Steeped in tradition, originality and award-winning taste, Woodman’s of Essex holds one major claim to fame above the rest – inventor of the fried clam.

Woodman’s began as a roadside stand in 1914, selling small grocery items, homemade potato chips and clams. On July 3, 1916, original owners Lawrence “Chubby” and Bessie Woodman took what was considered a facetious suggestion from a local fisherman to fry up a few clams into an experiment. Wondering if the finished product was palatable enough to become profitable, the pair brought fried clams to the town parade to test their luck – and it turned out they were a big hit.

Bessie Woodman in an undated photo outside the original road stand. Photo courtesy of the Woodman family.

Over 100 years and five generations later, Woodman’s continues to fry clams where it all began. “Having a product that came to fruition over 100 years ago that my grandfather did, it kind of makes you proud,” said Stephen Woodman, third generation, Woodman’s CEO.

“One of the things that the family strives for is to keep the old new again. We’re constantly trying to reinvent ourselves without changing,” said Maureen Woodman, third generation, director of catering sales at Woodman’s of Essex.

The restaurant prides itself on being family-friendly, both for the elderly and infants. For many, it has been a long-standing family tradition to come together. “The experience has not changed. You know when you go there that the feeling and the taste and the smell is going to be exactly what you had as a child,” Maureen said. “It’s unchanged in an ever-changing world – people are looking for that right now. The Millennials love that, their grandparents tell them about this clam shack and it’s exactly as they told them. It gives them a comfy feeling; you feel safe.”

The Woodmans have also been using a social media push to interact with the restaurant’s new generation of followers, and enjoy seeing their visitors’ experience through a different medium.

The restaurant’s original gluten-free menu has also kept the crowds coming with the rise of Celiac’s disease in recent years and the emergence of the gluten-free diet. Woodman’s menu items are made with corn flour, making them more easily digestible than their wheat counterpart. “I think the food is current because you just don’t cook this food at home still,” she said.

Both the restaurant’s location and cuisine have been earning Woodman’s quite a bit of attention. The restaurant has appeared in numerous movies, including “Grown Ups,” “The Proposal,” “Manchester by the Sea,” “The Crucible,” “Love Letters” and the TV show “The Devil You Know.” Woodman’s has also appeared on the Travel Channel’s “Food Paradise” and on various Food Network programs, and has received a slew of recognitions too lengthy to tally. Among those, Woodman’s ranked number four in the country for its clam roll and lobster roll.

Kristi Woodman, fifth generation, with some of the restaurant’s menu items.

“Most of the time, we’re lucky, but all of the time, we’re proud of what we have,” said Maureen.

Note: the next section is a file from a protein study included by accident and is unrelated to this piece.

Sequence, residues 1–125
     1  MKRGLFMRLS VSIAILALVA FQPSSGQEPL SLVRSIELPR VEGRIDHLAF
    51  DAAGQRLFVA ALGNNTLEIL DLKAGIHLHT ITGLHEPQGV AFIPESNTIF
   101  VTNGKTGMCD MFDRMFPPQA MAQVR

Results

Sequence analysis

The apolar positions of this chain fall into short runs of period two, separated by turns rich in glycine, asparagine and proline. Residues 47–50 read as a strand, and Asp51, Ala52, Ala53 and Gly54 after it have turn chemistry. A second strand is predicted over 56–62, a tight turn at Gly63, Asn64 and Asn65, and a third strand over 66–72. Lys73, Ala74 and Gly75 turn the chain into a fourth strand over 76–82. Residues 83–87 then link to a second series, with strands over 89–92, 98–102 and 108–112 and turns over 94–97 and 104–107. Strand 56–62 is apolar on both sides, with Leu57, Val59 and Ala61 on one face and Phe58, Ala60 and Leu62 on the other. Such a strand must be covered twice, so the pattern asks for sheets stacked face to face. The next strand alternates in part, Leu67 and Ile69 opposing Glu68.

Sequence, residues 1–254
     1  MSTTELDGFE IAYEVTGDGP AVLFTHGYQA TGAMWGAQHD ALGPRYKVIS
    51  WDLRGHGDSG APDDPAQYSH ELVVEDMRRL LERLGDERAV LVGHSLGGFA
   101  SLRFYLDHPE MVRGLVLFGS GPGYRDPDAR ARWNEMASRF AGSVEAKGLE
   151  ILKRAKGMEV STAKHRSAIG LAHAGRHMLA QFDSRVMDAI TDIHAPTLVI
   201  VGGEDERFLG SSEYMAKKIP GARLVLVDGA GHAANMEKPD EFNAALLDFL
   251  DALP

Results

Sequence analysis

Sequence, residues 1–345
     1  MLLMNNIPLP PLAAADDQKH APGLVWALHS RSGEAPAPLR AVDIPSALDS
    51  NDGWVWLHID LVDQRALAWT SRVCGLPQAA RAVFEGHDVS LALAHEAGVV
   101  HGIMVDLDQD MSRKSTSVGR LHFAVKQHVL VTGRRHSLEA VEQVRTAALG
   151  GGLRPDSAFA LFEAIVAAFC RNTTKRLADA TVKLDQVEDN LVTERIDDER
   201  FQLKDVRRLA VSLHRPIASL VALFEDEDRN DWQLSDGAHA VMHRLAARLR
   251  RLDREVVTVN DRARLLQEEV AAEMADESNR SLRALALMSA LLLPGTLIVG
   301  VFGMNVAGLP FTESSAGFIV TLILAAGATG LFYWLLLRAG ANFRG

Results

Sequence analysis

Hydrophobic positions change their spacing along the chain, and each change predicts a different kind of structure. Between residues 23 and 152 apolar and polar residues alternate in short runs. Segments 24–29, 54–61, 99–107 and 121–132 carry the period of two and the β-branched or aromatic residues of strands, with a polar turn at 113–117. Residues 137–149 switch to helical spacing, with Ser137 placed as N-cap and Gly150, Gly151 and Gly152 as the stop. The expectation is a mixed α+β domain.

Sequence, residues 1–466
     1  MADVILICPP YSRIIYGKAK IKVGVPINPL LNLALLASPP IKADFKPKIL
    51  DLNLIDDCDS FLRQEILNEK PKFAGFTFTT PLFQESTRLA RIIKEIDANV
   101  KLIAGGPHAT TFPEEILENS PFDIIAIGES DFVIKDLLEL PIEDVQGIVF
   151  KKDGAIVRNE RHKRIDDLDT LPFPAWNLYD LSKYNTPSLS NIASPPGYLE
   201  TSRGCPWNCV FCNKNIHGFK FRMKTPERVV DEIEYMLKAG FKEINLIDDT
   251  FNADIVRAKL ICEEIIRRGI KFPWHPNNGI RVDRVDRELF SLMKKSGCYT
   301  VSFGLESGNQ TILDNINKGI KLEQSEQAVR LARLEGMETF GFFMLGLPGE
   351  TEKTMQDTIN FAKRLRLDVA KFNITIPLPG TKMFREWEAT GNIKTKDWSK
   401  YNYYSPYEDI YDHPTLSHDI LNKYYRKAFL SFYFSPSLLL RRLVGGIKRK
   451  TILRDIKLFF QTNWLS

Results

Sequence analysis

There are currently three working generations at Woodman’s; the youngest is 14, and the oldest is 79. They’ve all grown up around the family business that has become something of a legacy. “I think when you’re younger, you want to do stuff, but as you age you realize the people who come before you have more wisdom,” Maureen said.

“I can see my grandkids … like to come down and just be here and they love to work. They love to do things and they want to be with their dad or papa, and that’s probably what it was like when I was young, too,” Stephen said. “I worked every morning with my dad, besides going to school. That’s the way it was. And that was fabulous, that was great to be able to have a such a great relationship with your dad. And be able to work with him every day, so I had a great time.”

With a family-run business that has weathered the storm both economically and meteorologically for many years, the key can be pulling together.  “The trust level is amazing, you share everything together. We really made a decision that we’re a family first and a business second,” Maureen said. “We share each other’s successes and tragedies, we’re there for each other and we have each other’s back.”

The Woodman family is also passionate about giving back to the community, in more recent years setting up a scholarship fund to commemorate the generosity of the late Dexter and Gini Woodman. Since the program’s inception in 1987, $701,500 in scholarships have been distributed to 126 local students.

“A lot of people know about us, a lot of people love fried clams – our fried clams. I think about it and smile and it feels nice,” said Stephen. “What do I think about our restaurant or our fried clams? They’re the best – hands down. That’s all there is.”

Malea Ritz is an associate editor at The Warren Group, publisher of Massachusetts Family Business, the magazine of the Massachusetts Family Business Association. This article first appeared in the Spring 2017 issue of the magazine.

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